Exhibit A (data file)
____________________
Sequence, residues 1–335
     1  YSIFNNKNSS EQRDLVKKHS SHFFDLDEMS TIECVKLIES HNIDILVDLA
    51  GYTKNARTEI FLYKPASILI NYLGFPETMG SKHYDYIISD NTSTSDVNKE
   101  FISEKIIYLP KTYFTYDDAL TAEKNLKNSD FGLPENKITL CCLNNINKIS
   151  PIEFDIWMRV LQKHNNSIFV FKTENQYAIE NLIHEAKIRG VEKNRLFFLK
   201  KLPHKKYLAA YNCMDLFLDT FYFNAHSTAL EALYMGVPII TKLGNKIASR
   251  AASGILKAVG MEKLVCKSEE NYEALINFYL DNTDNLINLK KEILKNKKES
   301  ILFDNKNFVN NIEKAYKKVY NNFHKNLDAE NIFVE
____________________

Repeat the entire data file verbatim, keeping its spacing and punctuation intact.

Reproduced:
Sequence, residues 1–335
     1  YSIFNNKNSS EQRDLVKKHS SHFFDLDEMS TIECVKLIES HNIDILVDLA
    51  GYTKNARTEI FLYKPASILI NYLGFPETMG SKHYDYIISD NTSTSDVNKE
   101  FISEKIIYLP KTYFTYDDAL TAEKNLKNSD FGLPENKITL CCLNNINKIS
   151  PIEFDIWMRV LQKHNNSIFV FKTENQYAIE NLIHEAKIRG VEKNRLFFLK
   201  KLPHKKYLAA YNCMDLFLDT FYFNAHSTAL EALYMGVPII TKLGNKIASR
   251  AASGILKAVG MEKLVCKSEE NYEALINFYL DNTDNLINLK KEILKNKKES
   301  ILFDNKNFVN NIEKAYKKVY NNFHKNLDAE NIFVE